This week, India and Myanmar kicked off a new military exercise between them that focuses on peacekeeping operations. The drills once again placed the spotlight on a budding defense relationship between the two neighboring states as part of their broader foreign policy objectives.
As I have noted before in these pages, India and Myanmar have looked to strengthen their defense ties over the past few years. Seen from a broader perspective, this is part of Indian Prime Minister Narendra Modi’s “Act East” policy – a more action-oriented variation on the “Look East” policy first formulated under then-premier Narasimha Rao in the 1990s, which seeks to strengthen relationships with Southeast Asia specifically and East Asia more generally (See: “Modi Unveils India’s Act East Policy to ASEAN in Myanmar”).
But more specifically, it is an acknowledgement of the need for Indo-Myanmar security cooperation in several areas. Though the focus is often on the naval realm, given the fact that both sides share a long maritime boundary in the strategically significant Andaman Sea and Bay of Bengal, they also share a land border, which has led to concerns around transnational issues. Chief among these is the range of insurgent groups in India’s northeast, bordering Myanmar, a security risk for New Delhi that occasionally produces cross-border issues for both sides (See: “The Truth About India’s Militant Strike in Myanmar”). There have also been conversations around boosting cooperation in areas like training and capacity-building of Myanmar’s military. These areas have been addressed both sides during recent engagements, including Modi’s first-ever bilateral state visit to Myanmar in September.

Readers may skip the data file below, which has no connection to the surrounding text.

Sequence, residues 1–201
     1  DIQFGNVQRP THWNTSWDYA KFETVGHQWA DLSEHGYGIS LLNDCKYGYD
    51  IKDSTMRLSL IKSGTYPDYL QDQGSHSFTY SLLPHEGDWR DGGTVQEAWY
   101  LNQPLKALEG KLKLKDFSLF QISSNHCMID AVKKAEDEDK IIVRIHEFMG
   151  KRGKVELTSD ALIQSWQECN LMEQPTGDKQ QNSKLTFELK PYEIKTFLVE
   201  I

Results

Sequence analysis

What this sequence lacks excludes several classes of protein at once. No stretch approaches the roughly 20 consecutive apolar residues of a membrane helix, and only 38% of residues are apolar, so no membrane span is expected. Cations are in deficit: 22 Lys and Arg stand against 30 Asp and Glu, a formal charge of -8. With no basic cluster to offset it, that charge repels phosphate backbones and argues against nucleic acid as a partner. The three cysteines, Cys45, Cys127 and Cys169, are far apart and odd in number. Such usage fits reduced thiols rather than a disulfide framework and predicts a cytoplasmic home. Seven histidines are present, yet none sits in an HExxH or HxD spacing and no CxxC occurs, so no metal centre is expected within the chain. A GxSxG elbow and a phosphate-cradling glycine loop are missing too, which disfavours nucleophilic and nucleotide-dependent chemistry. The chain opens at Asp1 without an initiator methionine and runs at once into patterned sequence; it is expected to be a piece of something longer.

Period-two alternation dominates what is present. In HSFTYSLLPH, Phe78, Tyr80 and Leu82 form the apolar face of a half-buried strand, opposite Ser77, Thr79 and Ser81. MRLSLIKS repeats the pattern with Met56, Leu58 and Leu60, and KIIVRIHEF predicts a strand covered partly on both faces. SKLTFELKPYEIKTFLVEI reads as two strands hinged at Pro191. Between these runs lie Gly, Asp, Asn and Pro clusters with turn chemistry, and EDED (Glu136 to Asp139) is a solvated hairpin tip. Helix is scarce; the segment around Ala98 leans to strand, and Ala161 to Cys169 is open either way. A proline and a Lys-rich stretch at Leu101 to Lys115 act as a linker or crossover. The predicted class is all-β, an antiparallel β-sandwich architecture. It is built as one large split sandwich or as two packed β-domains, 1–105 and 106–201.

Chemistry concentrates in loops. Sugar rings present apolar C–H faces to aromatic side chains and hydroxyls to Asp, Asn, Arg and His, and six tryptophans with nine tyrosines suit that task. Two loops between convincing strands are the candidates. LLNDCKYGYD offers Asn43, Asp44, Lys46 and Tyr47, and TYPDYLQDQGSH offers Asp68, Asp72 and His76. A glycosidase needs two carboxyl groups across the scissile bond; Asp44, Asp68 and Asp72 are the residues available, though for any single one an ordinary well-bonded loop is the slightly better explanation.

On November 20, both countries kicked off the India-Myanmar Bilateral Military Exercise (IMBAX-2017). Indian officials said the exercise was the first military training exercise between India and Myanmar on United National Peacekeeping Operations (UNPKO) that was held in India. The exercise, which focuses on training Myanmar forces on the conduct of such operations, features 15 officers from the Myanmar army and 16 officers from the Indian Army and will last until November 25.
Though few specifics were provided on the nature of the drills, the focus comes as no surprise. Myanmar has previously expressed interest in gaining more expertise in this area given its participation in PKOs, which currently is quite limited with only a handful of military personnel currently participating in such operations in Liberia and Sudan. Naypyidaw’s involvement has often been cited as part of a broader case for strengthening engagement with its military, known as the Tatmadaw, despite growing scrutiny including most recently with the plight of the Rohingya.
The exercise was conducted at the newly established Joint Training Node in Umroi, Meghalaya. Though the Indian Army has other joint training centers in Belgaum, Vairengte, and Bakloh, Umroi, which opened earlier this month for engagements, is the Eastern Command’s first independent and fully integrated joint training node for foreign armies. It features training facilities including a jungle lane shooting range and a network-enabled computer warfare center.
IMBAX 2017 is the second such exercise conducted at the facility following the command post exercise (CPX) component of the India-Bangladesh joint exercise SAMPRITI 2017 which was held from November 6 to November 11. Indian officials have said that they expect other drills, including one with China, to take place here as well in subsequent months.